Willamalane Park and Recreation District is raising funds to replant trees affected by the spread of a fungal infection in the orchards where Oregon’s hazelnut industry was born.
George Dorris started the nation’s first commercial filbert farm on his acreage south of Springfield in 1903. The trees flourished in fertile Willamette Valley soils, and Oregon now produces 99 percent of the nation’s crop. (In 1981, Oregon filberts began to be marketed as “hazelnuts,” but the term “filbert” is still used in Springfield.)
Most of the trees planted at Dorris Ranch, now a National Historic Preservation Site and popular public park, were of the ‘Barcelona’ variety — a variety highly susceptible to a fungal infection called eastern filbert blight. The blight infects and kills trees over a period of years.
Willamalane, along with orchardists throughout Oregon, has fought to counter the blight with selective pruning and other methods. But the best way to battle the infections, according to experts at Oregon State University, is to replant orchards with blight-resistant cultivars.
The Oregon State Historic Preservation office has approved a plan to remove trees from affected Dorris Ranch orchards and replant with new varieties, such as ‘Jefferson’, which shares many of the same qualities of ‘Barcelona’ but is resistant to eastern filbert blight.
Willamalane plans to replace the orchards in stages over the next 18 years, at a total cost of $300,000 to $400,000. Some of the funding will come from revenues derived from the filbert harvest.
In addition, Willamalane is asking the public for help in a campaign called “Fight the Blight.”
“As stewards of Dorris Ranch, we need to do everything we can to protect and preserve the historic elements and commercial operation of the orchard,” said Michael Wargo, deputy superintendent.
“You can help Willamalane preserve Dorris Ranch for future generations by contributing to our Fight the Blight campaign,” Wargo said. “As the new trees grow and produce filberts,” Wargo said, “so will the community’s investment in this Springfield icon.”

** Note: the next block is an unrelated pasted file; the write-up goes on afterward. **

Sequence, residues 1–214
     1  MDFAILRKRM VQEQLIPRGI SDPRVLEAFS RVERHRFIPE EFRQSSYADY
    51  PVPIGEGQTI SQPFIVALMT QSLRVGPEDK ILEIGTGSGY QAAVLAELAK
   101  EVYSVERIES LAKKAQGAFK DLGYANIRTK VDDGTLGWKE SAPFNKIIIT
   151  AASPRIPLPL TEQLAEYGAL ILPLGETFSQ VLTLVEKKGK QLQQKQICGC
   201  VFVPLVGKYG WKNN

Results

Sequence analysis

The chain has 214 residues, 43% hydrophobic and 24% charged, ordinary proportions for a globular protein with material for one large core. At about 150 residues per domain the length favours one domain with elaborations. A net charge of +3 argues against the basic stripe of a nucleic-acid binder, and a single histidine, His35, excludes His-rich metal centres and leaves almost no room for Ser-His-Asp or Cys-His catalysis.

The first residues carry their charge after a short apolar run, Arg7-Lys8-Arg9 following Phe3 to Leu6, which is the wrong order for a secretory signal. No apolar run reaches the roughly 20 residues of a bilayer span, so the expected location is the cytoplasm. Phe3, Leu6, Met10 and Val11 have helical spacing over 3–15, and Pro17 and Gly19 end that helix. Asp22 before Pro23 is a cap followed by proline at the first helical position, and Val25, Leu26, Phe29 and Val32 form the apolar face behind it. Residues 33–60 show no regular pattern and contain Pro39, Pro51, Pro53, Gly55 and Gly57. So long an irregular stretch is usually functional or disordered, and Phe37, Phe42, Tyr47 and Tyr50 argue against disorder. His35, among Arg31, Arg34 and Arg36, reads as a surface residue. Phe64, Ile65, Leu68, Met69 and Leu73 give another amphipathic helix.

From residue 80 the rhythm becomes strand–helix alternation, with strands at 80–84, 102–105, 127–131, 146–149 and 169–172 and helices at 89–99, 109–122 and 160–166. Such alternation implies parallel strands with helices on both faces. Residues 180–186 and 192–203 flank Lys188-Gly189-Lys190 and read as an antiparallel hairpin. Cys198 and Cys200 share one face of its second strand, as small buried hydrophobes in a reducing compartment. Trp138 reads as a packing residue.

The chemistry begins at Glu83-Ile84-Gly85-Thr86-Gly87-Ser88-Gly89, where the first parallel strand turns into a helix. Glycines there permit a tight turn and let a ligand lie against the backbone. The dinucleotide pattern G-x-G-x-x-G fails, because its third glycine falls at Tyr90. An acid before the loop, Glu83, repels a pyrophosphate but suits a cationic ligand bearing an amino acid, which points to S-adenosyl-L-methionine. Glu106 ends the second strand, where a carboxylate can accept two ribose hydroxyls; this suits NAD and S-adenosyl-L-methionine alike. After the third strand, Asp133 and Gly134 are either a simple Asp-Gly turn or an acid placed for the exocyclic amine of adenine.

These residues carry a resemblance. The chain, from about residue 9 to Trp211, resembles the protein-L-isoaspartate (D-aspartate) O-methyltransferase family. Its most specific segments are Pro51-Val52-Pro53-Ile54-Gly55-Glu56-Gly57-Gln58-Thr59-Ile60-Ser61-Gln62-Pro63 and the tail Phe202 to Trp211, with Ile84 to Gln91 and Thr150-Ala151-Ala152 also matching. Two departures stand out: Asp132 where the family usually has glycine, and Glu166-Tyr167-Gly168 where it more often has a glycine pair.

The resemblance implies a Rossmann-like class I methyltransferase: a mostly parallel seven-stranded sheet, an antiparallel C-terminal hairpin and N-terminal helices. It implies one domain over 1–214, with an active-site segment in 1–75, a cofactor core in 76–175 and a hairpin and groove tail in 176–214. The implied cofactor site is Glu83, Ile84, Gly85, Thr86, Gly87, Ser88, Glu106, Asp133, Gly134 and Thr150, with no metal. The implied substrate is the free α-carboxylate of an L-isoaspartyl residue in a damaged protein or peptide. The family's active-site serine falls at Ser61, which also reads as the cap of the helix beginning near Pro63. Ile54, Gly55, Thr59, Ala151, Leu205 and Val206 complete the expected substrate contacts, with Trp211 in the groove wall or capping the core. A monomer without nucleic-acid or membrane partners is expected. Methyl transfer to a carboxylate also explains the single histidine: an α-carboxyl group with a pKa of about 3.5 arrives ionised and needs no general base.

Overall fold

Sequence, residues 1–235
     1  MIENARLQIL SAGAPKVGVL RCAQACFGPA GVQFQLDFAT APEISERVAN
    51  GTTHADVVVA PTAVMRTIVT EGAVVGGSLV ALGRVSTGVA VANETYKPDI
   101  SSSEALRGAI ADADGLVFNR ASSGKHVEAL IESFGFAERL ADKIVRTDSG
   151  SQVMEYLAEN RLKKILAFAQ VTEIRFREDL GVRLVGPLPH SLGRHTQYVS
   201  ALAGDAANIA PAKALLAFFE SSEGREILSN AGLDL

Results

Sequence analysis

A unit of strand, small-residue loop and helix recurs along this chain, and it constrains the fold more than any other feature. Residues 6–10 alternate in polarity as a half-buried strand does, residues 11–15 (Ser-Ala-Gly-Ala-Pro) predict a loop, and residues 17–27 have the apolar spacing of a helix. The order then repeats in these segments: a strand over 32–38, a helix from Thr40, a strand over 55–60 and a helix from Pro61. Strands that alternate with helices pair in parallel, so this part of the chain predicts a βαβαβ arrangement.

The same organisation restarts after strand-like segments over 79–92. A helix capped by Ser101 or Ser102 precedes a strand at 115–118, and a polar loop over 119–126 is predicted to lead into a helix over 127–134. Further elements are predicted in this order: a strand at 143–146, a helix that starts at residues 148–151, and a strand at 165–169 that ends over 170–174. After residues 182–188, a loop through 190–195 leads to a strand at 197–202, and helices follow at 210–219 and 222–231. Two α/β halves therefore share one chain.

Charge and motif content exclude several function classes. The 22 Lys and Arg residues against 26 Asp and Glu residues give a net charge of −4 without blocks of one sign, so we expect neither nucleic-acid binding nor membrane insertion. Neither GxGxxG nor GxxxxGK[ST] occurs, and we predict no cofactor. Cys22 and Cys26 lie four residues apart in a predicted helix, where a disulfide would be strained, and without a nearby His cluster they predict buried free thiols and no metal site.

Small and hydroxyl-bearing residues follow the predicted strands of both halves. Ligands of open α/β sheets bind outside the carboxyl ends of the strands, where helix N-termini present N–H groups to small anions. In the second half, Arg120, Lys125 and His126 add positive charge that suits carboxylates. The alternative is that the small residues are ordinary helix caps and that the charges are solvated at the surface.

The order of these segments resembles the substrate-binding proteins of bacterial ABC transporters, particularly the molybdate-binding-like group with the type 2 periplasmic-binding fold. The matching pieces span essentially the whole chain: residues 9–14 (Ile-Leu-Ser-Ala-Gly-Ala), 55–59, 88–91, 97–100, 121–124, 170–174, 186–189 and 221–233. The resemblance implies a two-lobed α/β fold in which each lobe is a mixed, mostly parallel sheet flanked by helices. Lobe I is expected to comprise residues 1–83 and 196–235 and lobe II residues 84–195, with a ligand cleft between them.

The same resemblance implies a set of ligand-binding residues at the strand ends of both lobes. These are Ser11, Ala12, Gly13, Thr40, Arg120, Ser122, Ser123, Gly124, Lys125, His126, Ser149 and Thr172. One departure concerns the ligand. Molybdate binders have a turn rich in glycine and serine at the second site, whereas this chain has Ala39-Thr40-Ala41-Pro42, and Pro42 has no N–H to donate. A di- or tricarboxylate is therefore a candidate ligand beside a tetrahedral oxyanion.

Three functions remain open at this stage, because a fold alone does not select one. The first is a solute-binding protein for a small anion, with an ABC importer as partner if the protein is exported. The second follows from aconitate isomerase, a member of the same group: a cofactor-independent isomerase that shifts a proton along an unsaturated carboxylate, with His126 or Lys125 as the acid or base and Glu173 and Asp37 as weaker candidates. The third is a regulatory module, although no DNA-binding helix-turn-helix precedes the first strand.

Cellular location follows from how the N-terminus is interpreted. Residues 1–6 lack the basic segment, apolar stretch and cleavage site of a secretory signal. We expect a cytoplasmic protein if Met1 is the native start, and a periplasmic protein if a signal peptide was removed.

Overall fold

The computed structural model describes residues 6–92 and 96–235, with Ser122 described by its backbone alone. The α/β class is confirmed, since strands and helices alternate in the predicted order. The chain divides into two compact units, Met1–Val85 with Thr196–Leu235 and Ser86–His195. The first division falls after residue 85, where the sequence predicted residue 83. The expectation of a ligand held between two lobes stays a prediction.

Contributors to the campaign may sponsor a single tree ($25), a group of five trees ($100), 30 trees ($500), an acre ($2,500), or an entire orchard. (There are 11 separate orchards that will be replanted at Dorris Ranch.) Money raised from this campaign will go into a dedicated fund for Dorris Ranch.
Those interested in more information may contact Kate Reid, resource development coordinator, at 541-736-4520 or email@example.com.
This spring, crews cleared 1,237 trees from the Cannery and Walnut orchards. Approximately 1,400 to 1,600 new trees will be planted in the fall, including ‘Jefferson’ and the pollinating varieties ‘Yamhill’ and ‘Eta’.
Willamalane will nurse the young trees over the next three years, and then will prepare for another stage of removal and replanting in adjacent orchards as eastern filbert blight infection spreads.
While most of the filbert trees at Dorris Ranch will be replaced over the following two decades, Willamalane plans to preserve four acres of historic ‘Barcelona’ trees in the Road Orchard, near the barn, where George Dorris’ legacy will live on. Maintenance in the Road Orchard will include the use of anti-fungal sprays and selective removal of branches from blight-infested trees.